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The Minaret Station Alpine Lodge’s ensuite chalets have sheepskin carpets, king-size beds and hot tubs on private decks.

Should these boarders be looking to spoil themselves, the Minaret Station Alpine Lodge is just a 15-minute helicopter ride north of town. From its cluster of ensuite chalets – each equipped with sheepskin carpets, king-size beds and hot tubs on private decks – guests can hop on a bird for unlimited guided vertical before plundering the well-stocked library and cellar of the gourmet Mountain Kitchen.

Should the high-mountain weather prove unco-operative, visitors can take heli-fishing trips to the bass-rich, fiord-lined waters of the nearby Tasman Sea.

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Skiers can schuss down dunes that top out at more than 120 metres in the Namib desert.

Sand-skiing in Namibia

Amid the towering dunes of the vast Namib Desert, Henrik May shares his passion for sand-skiing with the world through his 15-year-old tour company, Ski Namibia.

With the closest snow being thousands of kilometres away, the forty-something German expat leads downhill and cross-country skiers and telemarkers on guided trips across the coastal desert and down dunes that top out at more than 120 metres.

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German expat Henrik May provides dune-skiers faster-sliding sand skis that use a wax of his own invention.

There are no chairlifts here, of course, so skiers must march up the mountains of sand after receiving tips, instructions and encouragement – and likely a beer or two – from May, who also provides faster-sliding sand skis that use a wax of his own invention.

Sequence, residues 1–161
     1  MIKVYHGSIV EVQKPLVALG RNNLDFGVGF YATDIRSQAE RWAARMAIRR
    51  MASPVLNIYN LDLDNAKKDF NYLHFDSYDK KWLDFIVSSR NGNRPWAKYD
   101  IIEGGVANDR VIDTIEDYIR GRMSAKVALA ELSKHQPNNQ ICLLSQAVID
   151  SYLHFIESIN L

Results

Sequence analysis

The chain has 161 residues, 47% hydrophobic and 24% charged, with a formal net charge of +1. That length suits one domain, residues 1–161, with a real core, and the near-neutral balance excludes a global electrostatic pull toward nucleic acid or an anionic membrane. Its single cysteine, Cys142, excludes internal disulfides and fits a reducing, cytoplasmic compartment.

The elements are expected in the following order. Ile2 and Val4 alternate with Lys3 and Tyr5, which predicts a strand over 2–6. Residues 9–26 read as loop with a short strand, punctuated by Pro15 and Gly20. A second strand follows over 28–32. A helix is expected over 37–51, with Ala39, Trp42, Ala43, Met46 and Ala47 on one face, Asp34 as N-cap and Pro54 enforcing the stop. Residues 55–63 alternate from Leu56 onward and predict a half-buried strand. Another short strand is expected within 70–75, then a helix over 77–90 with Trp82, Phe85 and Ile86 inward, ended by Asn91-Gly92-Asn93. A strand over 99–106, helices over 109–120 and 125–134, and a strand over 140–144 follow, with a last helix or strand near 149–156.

Thankfully, the Namib’s Atlantic-cooled winds offer relief to visitors and cover their tracks in shifting sand. Plus, if you ask him, May will shuttle ski gear up the dunes for you.

This is about as luxurious as May’s tours seem to get, but in his adopted hometown of Swakopmund, the upscale Strand Hotel offers oceanfront terraces, open fireplaces and a 13-metre-high atrium with steam rooms and a sauna for easing tired sand-ski legs.

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An expedition to Antarctica offers daily shore landings featuring guided backcountry skiing and snowshoeing tours.

Schussing across Antarctica

Want to start the 2019 ski season early – and in truly unforgettable fashion? From Nov. 1 to 13, Colorado’s Powder South Heli Ski Guides is partnering with California-based Ice Axe Expeditions to offer a snow sports expedition to the White Continent.

Starting in Ushuaia, Argentina, the 132-passenger Ocean Adventurer will carry guests past Cape Horn and across the Drake Passage to the wildlife-rich Antarctic Peninsula, where they will take part in daily shore landings featuring guided backcountry skiing and snowshoeing tours, along with expert lectures and zodiac excursions covering the history, geology and politics – yes, the politics – of the southernmost continent.

You’ll also receive a DVD of photos chronicling the voyage – you know, in case the après-ski crowd doesn’t believe you.